Sunday, Feb. 3, 2008 | 2 a.m.
I was quite surprised by the full page color ad the Tropicana took out on page 2A of the Review-Journal on Thursday, slamming me, the column I wrote last week and the Culinary Union.
The Tropicana’s strange ad, which folks in the advertising business estimate cost the casino company about $16,000, is just another example of the incompetence of its Kentucky-based owners, Columbia Sussex Corp., and further proof that my columns taking the company to task have been right on target.
First, please indulge me in my response to the Tropicana ad.
The ad says my column is utter fiction.
I stand by the truth of my column and the sources who told me about the property’s payroll problems, as well as the dozens of folks who wrote and called after the column appeared to add to the litany of complaints I’d already received about how Columbia Sussex runs its six casinos in Nevada.
Second, the ad claims the Culinary Union concocted a story about paychecks that couldn’t be cashed and tricked me into reporting it.
That is not true. My first sources were two non-Culinary Tropicana workers who told me about the paycheck troubles.
Then three Culinary members who worked at the Trop not only confirmed what I had heard from my first two sources but also said there were more than 200 recent instances of workers being underpaid.
Third, the ad claimed that I failed to call the Tropicana to verify the workers’ claims.
That’s right, I didn’t call the Tropicana, but I have called the company’s headquarters in Ft. Mitchell, Ky., trying to speak to Columbia Sussex Chief Executive Bill Yung or his son Joe Yung, the company’s development director, at least six times since December, when Tropicana Atlantic City’s license was yanked by New Jersey gaming regulators.
They have never called me back. Nor have they had a company spokesman or nonstaff flack call me back.
My phone number and e-mail address are right at the bottom of my column, every week.
I don’t expect Columbia Sussex executives to like me or what I write about them, because I’ve been very critical of them.
But they deserve my criticism.
It’s my opinion — and the opinion of many folks with a lot of experience and success at the top of the gaming business — that Columbia Sussex’s strategy of cutting staff is doomed to fail.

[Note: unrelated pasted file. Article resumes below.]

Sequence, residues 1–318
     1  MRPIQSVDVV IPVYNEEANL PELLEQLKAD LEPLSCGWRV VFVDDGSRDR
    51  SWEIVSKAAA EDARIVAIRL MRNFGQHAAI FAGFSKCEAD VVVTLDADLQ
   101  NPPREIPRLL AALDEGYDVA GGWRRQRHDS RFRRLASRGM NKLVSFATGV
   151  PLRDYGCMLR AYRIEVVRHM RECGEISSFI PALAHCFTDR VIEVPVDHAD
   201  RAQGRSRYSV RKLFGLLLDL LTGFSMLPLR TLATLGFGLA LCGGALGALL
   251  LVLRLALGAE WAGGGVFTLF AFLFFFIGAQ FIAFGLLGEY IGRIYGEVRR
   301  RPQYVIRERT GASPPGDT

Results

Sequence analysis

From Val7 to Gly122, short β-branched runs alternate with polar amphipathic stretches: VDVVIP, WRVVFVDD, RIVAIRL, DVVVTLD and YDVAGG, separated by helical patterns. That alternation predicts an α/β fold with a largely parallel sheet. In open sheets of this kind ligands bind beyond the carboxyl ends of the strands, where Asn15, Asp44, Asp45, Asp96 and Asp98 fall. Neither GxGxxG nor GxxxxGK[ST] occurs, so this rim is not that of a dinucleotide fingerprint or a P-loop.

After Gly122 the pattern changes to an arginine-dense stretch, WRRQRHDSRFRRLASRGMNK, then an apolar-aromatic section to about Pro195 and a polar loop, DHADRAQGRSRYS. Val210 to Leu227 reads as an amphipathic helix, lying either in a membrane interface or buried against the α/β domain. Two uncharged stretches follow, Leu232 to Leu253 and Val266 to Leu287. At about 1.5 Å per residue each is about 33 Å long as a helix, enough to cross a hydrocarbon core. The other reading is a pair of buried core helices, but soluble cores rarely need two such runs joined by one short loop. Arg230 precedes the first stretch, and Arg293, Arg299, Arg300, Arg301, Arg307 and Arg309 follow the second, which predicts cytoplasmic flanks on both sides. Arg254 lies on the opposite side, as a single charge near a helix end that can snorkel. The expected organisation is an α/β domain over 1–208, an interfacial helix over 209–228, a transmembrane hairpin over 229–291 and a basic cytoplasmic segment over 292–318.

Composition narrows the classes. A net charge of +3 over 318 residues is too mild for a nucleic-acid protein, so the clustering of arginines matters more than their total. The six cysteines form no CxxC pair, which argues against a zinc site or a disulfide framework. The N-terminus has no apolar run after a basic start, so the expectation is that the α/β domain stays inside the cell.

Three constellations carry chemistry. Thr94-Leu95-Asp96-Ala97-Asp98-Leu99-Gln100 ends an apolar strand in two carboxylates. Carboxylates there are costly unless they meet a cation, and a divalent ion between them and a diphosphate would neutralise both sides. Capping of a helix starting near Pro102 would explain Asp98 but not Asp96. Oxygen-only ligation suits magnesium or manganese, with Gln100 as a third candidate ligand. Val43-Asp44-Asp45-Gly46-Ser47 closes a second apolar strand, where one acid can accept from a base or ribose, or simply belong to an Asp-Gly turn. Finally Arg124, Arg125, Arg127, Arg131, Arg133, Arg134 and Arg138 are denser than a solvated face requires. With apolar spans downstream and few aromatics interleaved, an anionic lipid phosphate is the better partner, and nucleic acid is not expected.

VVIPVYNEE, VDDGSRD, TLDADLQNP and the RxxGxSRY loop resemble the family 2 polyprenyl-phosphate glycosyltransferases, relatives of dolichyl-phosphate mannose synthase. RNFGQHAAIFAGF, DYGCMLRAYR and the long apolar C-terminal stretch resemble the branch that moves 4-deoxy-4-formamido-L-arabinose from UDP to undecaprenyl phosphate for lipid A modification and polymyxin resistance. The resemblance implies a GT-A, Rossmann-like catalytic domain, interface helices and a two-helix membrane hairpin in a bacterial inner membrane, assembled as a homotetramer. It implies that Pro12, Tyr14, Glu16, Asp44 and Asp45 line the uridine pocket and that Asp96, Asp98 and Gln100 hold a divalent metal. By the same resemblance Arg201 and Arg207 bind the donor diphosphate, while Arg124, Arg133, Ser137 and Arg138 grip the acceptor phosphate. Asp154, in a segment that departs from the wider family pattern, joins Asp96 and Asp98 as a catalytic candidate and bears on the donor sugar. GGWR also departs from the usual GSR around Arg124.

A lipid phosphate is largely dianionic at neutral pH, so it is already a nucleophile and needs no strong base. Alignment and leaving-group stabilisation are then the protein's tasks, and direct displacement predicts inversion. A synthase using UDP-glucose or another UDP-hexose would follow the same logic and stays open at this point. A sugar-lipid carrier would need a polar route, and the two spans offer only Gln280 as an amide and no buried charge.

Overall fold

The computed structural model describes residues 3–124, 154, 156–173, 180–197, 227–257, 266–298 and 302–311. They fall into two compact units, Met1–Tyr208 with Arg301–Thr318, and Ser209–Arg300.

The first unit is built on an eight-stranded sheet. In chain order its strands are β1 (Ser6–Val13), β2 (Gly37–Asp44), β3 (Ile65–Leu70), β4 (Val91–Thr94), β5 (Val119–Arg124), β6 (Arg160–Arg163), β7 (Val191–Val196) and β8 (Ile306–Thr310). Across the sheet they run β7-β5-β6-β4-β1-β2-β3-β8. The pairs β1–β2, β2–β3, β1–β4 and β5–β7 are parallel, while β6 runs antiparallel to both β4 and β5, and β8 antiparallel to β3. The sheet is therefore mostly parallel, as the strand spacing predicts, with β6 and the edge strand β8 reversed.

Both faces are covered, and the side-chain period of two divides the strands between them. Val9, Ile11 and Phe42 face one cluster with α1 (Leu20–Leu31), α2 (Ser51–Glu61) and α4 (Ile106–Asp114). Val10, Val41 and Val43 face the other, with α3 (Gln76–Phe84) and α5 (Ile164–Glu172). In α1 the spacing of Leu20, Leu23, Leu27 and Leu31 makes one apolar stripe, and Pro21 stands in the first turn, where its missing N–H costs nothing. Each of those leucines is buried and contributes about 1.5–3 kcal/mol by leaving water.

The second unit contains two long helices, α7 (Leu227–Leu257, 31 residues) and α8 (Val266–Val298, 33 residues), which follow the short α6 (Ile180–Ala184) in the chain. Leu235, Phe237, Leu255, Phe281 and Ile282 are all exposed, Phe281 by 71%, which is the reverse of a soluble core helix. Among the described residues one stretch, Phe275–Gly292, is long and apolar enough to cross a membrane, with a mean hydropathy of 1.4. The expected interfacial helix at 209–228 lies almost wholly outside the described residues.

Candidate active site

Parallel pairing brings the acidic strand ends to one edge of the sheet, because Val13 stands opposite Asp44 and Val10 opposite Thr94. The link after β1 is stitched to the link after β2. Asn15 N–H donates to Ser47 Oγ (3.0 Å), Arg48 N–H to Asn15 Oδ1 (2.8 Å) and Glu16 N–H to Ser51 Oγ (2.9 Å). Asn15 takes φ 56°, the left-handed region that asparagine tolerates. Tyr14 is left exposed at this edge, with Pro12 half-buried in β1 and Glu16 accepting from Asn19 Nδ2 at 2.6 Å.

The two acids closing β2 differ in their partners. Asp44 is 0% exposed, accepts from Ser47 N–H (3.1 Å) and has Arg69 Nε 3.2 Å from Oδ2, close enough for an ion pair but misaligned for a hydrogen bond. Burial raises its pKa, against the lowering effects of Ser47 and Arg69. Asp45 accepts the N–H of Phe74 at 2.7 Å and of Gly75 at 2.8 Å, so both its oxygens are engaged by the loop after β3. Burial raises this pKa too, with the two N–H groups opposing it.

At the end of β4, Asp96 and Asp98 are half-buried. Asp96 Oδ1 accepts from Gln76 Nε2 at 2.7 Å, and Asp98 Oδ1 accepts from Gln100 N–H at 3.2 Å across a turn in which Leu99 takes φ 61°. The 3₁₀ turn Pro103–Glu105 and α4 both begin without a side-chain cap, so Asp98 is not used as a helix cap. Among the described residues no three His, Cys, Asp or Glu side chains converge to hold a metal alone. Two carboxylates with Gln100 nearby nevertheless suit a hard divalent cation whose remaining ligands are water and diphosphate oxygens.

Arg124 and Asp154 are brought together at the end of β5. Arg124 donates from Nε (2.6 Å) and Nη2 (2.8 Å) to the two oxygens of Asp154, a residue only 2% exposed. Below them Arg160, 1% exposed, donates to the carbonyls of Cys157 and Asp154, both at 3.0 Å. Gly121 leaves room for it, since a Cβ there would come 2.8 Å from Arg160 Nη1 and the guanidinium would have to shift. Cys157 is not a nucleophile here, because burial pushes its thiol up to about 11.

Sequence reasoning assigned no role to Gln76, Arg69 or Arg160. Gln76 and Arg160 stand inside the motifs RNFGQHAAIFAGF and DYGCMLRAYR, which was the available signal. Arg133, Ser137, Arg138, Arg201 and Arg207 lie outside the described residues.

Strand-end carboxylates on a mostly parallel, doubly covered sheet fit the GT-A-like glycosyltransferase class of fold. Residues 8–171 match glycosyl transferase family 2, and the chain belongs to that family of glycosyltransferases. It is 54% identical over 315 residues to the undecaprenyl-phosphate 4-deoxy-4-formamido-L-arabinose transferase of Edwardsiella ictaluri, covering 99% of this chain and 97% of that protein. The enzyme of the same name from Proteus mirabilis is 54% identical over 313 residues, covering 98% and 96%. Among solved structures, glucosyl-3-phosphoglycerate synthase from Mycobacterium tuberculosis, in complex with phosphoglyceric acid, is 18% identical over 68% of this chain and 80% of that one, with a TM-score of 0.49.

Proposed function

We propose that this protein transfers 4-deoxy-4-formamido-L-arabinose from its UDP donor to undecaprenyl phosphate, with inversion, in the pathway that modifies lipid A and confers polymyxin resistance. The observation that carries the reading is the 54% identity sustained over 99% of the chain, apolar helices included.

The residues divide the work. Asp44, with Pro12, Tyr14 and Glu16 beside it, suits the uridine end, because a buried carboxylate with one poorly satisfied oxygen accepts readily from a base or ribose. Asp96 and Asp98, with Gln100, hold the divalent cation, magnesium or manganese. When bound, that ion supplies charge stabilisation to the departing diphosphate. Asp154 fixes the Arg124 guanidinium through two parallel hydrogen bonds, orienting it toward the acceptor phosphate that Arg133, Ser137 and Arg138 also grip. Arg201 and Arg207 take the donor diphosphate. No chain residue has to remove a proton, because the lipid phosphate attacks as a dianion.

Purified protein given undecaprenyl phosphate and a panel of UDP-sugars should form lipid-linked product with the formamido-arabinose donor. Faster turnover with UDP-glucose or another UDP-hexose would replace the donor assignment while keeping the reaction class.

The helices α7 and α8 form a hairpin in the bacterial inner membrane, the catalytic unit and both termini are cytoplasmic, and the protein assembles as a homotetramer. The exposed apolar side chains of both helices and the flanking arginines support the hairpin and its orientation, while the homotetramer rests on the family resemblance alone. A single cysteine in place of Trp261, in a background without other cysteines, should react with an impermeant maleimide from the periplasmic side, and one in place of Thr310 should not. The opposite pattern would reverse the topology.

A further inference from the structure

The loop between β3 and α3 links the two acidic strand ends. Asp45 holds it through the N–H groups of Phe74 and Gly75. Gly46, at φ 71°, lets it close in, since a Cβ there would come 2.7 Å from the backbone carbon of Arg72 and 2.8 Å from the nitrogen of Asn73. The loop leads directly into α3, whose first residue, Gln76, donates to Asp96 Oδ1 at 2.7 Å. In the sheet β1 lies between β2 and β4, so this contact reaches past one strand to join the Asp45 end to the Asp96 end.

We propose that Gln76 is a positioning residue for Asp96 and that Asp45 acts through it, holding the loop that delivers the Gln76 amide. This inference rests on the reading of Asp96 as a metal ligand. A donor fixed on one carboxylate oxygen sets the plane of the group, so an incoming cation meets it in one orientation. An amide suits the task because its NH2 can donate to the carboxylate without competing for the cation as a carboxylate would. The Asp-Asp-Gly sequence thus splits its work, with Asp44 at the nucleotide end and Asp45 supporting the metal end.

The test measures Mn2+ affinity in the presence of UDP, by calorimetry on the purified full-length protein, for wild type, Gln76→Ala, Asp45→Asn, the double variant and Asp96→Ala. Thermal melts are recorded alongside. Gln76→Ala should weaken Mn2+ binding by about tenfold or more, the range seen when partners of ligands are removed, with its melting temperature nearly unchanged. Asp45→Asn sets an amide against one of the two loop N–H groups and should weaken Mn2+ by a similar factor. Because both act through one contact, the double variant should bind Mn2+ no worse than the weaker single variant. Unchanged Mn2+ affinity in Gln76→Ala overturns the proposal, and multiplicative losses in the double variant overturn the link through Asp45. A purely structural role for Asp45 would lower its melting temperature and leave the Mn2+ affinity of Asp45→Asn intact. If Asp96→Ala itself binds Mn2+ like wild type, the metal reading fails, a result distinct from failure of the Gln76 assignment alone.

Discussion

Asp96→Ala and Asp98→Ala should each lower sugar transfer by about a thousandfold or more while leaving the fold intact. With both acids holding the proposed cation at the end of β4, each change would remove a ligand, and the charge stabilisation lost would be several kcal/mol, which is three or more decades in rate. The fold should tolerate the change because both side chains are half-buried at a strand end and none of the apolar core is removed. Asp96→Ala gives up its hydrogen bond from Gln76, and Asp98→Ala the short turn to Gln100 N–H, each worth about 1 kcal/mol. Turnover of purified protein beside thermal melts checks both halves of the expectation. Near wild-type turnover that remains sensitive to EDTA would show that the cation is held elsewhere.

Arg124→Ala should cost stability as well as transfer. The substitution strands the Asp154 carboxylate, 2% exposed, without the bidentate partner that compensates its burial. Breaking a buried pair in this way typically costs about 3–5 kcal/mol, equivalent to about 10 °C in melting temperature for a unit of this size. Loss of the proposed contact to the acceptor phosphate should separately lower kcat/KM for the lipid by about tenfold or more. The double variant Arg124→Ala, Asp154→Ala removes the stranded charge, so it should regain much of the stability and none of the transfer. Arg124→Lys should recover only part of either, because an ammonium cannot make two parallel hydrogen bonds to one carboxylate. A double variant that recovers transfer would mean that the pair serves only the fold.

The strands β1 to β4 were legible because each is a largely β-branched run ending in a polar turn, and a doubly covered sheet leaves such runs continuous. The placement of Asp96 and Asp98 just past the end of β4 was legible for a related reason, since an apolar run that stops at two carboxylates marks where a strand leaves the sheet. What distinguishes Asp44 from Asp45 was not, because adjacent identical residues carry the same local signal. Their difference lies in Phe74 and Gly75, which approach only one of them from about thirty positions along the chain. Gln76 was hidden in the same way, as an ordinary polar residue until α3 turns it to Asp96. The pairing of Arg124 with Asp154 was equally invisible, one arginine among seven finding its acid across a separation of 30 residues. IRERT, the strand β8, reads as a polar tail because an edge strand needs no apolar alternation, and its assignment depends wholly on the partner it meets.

It’s also my opinion that the Tropicana’s contract offer to the Culinary is an insult to the union and a recipe for disaster for the property.
The Trop’s contract offer asks the property’s 700 Culinary workers (down from 1,100 when Columbia Sussex bought the Tropicana) to give up their hard-won union health plans and guaranteed 40-hour workweeks, along with other insulting givebacks.
The union will never accept those terms, of course, at the Tropicana or anywhere else.
I’ve also written about the findings of the New Jersey regulators who refused to renew the license of Tropicana Atlantic City.
Their opinion’s conclusion about the Columbia Sussex executives was clear: “The applicants could have taken the time to educate themselves in what it takes to operate successfully here, or they could have hired and retained sufficient staff knowledgeable in those processes. They have done neither and must bear the consequence. So too must their applications fail for lack of good character, honesty and integrity and contumacious defiance of the regulatory process.”
It’s my opinion that Columbia Sussex flouted New Jersey gaming regulations and that Nevada regulators should file a formal complaint against the company, hold a public hearing and consider pulling its six Nevada casino licenses. I believe regulators would be justified in yanking the licenses.
And it is also my opinion that if Columbia Sussex quits spending its money on absurd newspaper ads, the incompetent operator might be able to rehire one of the hundreds of workers it foolishly let go.